The Five Star Movement was the best-performing party, while Lega outdid its center-right coalition partner Forza Italia, which is Berlusconi's party. The results have led to a political imbroglio because it's impossible for any single party to rule, meaning that the complex process of coalition-forming will inevitably commence. This is made all the more difficult by the Five Star Movement's pre-election promise not to team up with anyone, though the group might be much more flexible now that they're officially Italy's most popular.
The EU-wide implications of what just happened could be profound because one of the bloc's largest countries and economies has just convincingly proven its preference for EuroRealist parties who hold a critical view towards Brussels. It was already problematic for the EU that Poland's ruling "Law and Justice Party" has been trying to reform the bloc from within alongside Hungary, but now there's a chance that a Western European country might join in their efforts, though only if they manage to assemble a functional governing coalition first, something that's always been difficult for the Italians to do. While there was talk that Berlusconi might play the role of "kingmaker" or "grey cardinal", his party lost out to its coalition partners Lega, thereby potentially upending that presumably stabilizing dynamic that some observers were hoping for.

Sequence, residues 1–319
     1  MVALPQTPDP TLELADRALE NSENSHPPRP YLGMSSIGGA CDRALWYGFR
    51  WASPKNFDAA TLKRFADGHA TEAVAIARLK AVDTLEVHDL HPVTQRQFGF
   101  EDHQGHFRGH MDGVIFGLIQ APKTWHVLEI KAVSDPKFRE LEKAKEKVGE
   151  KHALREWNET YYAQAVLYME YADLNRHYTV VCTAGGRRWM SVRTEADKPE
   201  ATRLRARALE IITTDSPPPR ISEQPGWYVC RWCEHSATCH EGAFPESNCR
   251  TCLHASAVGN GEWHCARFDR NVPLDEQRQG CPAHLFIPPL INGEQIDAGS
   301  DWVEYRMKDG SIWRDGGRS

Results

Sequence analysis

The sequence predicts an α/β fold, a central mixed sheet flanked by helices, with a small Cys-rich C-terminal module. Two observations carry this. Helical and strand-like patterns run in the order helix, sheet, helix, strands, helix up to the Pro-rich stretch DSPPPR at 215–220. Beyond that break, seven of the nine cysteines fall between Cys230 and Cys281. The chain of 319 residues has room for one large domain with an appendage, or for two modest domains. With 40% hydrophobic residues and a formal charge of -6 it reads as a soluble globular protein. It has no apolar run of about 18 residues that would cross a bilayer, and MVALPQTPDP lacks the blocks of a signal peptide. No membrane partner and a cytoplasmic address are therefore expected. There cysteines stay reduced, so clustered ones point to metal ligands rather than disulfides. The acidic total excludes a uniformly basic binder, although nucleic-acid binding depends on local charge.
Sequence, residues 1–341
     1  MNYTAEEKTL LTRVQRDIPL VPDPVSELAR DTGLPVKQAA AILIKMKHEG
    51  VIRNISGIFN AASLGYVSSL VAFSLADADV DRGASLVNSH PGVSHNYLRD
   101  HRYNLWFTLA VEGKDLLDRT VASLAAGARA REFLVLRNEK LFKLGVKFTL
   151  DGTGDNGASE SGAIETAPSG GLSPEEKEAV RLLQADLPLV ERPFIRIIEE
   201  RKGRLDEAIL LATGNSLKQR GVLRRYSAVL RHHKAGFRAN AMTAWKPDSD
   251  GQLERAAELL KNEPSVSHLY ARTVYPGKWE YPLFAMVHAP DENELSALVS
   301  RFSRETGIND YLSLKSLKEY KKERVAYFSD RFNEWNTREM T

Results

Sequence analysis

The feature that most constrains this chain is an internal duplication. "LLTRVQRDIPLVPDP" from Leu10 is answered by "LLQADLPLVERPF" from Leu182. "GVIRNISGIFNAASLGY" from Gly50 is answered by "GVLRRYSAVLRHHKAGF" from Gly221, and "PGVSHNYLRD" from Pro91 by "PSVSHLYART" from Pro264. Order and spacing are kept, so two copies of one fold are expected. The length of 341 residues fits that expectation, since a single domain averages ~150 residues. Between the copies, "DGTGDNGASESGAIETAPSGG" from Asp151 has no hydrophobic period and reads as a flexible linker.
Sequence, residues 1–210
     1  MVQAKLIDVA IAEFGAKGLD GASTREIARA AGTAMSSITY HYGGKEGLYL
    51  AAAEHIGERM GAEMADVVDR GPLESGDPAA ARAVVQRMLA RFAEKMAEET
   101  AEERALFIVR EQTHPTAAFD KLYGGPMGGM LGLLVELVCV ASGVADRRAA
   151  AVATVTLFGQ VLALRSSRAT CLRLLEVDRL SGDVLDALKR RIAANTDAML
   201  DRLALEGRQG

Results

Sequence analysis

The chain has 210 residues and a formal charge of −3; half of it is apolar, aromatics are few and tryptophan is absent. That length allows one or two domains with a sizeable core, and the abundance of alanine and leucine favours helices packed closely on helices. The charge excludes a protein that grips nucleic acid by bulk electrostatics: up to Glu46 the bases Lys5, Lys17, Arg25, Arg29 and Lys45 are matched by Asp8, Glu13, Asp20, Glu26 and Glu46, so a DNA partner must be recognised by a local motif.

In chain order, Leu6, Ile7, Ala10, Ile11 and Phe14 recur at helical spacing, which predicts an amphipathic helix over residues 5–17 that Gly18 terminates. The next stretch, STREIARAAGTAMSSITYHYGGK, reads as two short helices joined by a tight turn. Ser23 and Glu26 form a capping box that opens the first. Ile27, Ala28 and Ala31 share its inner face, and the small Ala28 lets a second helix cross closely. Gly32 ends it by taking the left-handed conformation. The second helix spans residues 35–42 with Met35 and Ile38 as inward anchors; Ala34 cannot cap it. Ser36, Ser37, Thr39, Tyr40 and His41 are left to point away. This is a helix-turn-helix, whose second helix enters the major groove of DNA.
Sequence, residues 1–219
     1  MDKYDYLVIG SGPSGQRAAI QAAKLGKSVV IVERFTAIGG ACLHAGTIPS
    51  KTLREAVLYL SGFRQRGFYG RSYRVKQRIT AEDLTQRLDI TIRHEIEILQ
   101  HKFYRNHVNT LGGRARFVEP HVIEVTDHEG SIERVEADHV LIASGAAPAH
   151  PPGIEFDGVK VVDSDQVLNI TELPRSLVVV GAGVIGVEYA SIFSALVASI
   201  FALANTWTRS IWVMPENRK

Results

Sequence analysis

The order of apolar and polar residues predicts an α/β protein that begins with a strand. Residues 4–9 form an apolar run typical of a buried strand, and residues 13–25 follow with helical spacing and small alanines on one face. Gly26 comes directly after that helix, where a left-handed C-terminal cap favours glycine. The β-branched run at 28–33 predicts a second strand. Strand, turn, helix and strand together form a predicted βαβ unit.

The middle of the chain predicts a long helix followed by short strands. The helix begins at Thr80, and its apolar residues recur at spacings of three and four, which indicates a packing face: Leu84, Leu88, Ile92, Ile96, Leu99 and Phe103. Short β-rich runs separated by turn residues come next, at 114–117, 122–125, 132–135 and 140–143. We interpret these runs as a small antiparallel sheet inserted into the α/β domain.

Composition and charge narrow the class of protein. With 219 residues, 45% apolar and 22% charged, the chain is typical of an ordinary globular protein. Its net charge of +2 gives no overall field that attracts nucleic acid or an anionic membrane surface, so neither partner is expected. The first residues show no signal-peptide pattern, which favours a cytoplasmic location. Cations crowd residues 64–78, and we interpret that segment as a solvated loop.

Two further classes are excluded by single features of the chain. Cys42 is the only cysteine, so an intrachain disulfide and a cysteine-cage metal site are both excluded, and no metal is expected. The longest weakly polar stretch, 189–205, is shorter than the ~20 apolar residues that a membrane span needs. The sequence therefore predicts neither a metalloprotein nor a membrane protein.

The exact composition of any future coalition remains to be seen, and new elections could also be called in a desperate and likely unsuccessful attempt to end the deadlock, but it's still possible to vaguely predict the contours of Italy's future policy. The EuroRealists were swept into office on a wave of public indignation due to the Migrant and Economic Crises that have been hammering Italy over the past few years. Voters decisively reacted to that when they opted for the Five Star Movement and Lega, though half of the country still didn't back them, meaning that Italy might only slightly move to the right and that the Mainstream Media's hype about an "extreme" pivot were nothing more than ungrounded fear mongering meant to influence the vote ahead of time.
To discuss this, Andrew is joined by Italian political commentator, Sergio Borg.
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